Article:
10 Weird Historical Facts That Will Surprise You

They say history repeats itself, and while we may have evidence of it in our time we keep hoping that it doesn’t.

While that may be true on a larger basis, how odd would it be to have certain weird historical facts (like the ones we’re about to reveal) come to life again in the 21st century?

These odd facts will not only surprise you, some of them will even make you giggle. Let’s take a look at the 10 weirdest historical facts that will surprise you.

1) Winning Gold At The Death Threat Games

It might be easy to say that Fidel Castro was not a popular man.

Loved in his native Cuba, he was deemed so unpopular around the world that he once famously stated that he would have won an Olympic gold has surviving assassinations been a sport.

More than 600 attempts were made on the dictator’s life is statements from a Cuban secret service office are to be believed. The assassination attempts were said to come from those countries most opposed to his regime in Cuba.

All forms of assassination attempts were made including, poison, bombs and even sending in a Femme Fatale who according to Castro “lost her nerve at the last minute”. This is one “medal” we’d like to keep away from.

2) Building Your Home One Rock At A Time

Simeon Ellerton of North Yorkshire took the phrase “building a home one brick at a time” quite literally. His work would routinely take him all across the UK.

He walked everywhere and every time he returned from one of his job he would carry home the perfect rock he could find.

Each rock he brought home with him went into the construction of his house.

Even after his home was finished and he did not need to carry the rocks on his head any longer, he still did so out of habit. If he was ever questioned why he was carrying a rock on his head he would reply he needed it to keep his hat on.

3) It Took One Leg To Get The Escalators Going

When the first escalator system was built in Earls Court in 1911 people were nervous to use them. Since these contraptions are not as popular as they are now, you can imagine the apprehensiveness.

William ‘Bumper’ Harris had had his leg amputated a few years ago. He was an employee of the metro system. He stepped up and demonstrated the safety of the escalators by riding them up and down.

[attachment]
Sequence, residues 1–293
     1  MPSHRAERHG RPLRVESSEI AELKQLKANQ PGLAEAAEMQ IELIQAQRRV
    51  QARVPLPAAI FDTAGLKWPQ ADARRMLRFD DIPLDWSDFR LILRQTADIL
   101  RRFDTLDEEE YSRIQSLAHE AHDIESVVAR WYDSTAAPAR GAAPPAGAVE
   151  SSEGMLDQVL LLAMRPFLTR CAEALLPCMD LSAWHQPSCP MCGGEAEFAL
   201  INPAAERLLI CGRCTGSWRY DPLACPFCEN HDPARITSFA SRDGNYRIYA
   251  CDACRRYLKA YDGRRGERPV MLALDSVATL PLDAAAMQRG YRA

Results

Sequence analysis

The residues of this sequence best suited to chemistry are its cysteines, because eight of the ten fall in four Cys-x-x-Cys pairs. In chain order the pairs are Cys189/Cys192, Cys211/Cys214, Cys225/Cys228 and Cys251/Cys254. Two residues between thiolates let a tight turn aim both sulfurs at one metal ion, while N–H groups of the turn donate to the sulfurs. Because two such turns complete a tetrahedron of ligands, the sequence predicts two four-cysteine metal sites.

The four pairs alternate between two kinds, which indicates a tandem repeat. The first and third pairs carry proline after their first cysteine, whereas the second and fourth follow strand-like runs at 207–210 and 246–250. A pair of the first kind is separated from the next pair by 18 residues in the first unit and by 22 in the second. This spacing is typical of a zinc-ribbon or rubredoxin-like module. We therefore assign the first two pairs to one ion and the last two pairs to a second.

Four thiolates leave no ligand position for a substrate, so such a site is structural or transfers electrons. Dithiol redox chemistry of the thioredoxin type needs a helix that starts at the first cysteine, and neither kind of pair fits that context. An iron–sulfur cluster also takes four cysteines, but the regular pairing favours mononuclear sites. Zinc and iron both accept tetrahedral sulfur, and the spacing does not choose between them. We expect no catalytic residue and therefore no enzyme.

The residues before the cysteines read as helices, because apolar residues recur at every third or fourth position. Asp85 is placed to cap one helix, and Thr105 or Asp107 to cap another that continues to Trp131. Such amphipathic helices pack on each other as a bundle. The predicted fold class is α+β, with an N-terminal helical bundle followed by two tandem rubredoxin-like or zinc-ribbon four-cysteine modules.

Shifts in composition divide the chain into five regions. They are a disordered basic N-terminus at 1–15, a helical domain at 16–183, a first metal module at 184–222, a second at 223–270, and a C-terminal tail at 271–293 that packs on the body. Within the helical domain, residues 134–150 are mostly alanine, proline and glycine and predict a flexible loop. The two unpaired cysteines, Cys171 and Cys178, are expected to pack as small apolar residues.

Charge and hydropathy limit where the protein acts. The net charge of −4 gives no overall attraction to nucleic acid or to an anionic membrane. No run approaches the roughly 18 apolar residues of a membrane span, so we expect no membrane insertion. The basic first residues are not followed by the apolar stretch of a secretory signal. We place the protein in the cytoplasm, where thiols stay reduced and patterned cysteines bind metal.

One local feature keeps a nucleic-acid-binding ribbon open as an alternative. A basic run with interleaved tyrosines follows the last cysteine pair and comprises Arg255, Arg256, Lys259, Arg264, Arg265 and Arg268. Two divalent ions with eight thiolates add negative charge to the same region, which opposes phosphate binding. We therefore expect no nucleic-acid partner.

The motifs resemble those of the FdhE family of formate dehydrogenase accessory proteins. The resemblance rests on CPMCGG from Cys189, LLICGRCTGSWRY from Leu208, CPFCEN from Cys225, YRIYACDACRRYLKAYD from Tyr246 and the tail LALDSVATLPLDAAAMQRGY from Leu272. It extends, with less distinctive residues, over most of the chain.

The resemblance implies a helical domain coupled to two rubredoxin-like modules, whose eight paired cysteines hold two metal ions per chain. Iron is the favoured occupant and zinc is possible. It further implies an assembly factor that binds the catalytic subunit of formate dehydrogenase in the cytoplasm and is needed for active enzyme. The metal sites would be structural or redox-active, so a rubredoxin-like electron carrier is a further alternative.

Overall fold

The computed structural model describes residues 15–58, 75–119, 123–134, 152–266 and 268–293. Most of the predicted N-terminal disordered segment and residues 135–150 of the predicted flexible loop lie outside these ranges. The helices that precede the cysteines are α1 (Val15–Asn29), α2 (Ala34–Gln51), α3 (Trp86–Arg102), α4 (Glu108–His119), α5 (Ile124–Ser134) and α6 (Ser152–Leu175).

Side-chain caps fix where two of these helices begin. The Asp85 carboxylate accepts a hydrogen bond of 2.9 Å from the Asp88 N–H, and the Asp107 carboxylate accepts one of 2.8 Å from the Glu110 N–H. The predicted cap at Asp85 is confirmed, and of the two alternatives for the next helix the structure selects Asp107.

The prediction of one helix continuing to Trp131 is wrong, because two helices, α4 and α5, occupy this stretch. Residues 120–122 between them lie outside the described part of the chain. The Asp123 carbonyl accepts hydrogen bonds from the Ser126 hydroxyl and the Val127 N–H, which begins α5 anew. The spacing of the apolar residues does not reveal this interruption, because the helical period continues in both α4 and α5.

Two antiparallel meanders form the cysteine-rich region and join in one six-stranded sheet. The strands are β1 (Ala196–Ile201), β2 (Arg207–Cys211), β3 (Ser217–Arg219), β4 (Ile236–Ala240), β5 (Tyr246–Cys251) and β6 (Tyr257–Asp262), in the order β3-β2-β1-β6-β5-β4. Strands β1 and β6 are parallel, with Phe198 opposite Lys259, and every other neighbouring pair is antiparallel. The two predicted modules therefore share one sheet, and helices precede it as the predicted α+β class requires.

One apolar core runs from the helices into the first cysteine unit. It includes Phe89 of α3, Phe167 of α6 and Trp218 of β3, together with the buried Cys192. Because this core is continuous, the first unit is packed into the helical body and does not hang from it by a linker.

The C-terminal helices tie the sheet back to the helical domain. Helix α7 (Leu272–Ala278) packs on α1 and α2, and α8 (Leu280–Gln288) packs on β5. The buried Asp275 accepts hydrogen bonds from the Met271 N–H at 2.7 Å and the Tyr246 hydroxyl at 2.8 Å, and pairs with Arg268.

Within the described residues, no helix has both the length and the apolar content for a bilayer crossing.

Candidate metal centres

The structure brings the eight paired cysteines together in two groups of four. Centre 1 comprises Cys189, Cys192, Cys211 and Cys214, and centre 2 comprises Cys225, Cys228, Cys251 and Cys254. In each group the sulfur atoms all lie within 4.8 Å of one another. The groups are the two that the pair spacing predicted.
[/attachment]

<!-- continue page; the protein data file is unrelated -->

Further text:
4) Death By Molasses

On January 25th, 1919, a tank exploded sending a tsunami of thick, sticky, “wall of molasses” towards an unsuspecting public.

Rising several feet above the ground and moving at speeds upwards of 30 miles an hour, nothing that stood in its path had a chance.

It engulfed almost the entire town, covering vehicles, horses, building, and killing 21 people and injuring more than 150 others.

Those that survived were rushed to the nearest hospitals looking like “toffee-apples” (according to eyewitnesses).

It took several weeks for the cleanup, and on humid summer days, the residents can still smell the lingering aroma of molasses.

5) Secret Age Of The Best Selling Author

Many believe that the book ‘The Young Visiters’ was authored by JM Barrie, who wrote Peter Pan.
However, only the preface of the book was written by JM Barrie while the novel was actually written by a girl named Daisy Ashford who was 9 when she wrote it.

It was only 28 years later when she was returning home due to the death of her mother that she found the book in her belongings. The manuscript passed hands before it found its way to a publisher and became a major hit.

6) How Gullible Are You?

If I told you that a magician would be visiting a venue near you and the magician would fit his entire body in a soda bottle would you believe me? Well, the public of London surely fell for it.